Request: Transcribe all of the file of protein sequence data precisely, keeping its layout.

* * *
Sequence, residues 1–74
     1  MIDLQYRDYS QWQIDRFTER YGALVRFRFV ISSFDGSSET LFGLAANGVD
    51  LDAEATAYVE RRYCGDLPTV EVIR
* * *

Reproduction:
Sequence, residues 1–74
     1  MIDLQYRDYS QWQIDRFTER YGALVRFRFV ISSFDGSSET LFGLAANGVD
    51  LDAEATAYVE RRYCGDLPTV EVIR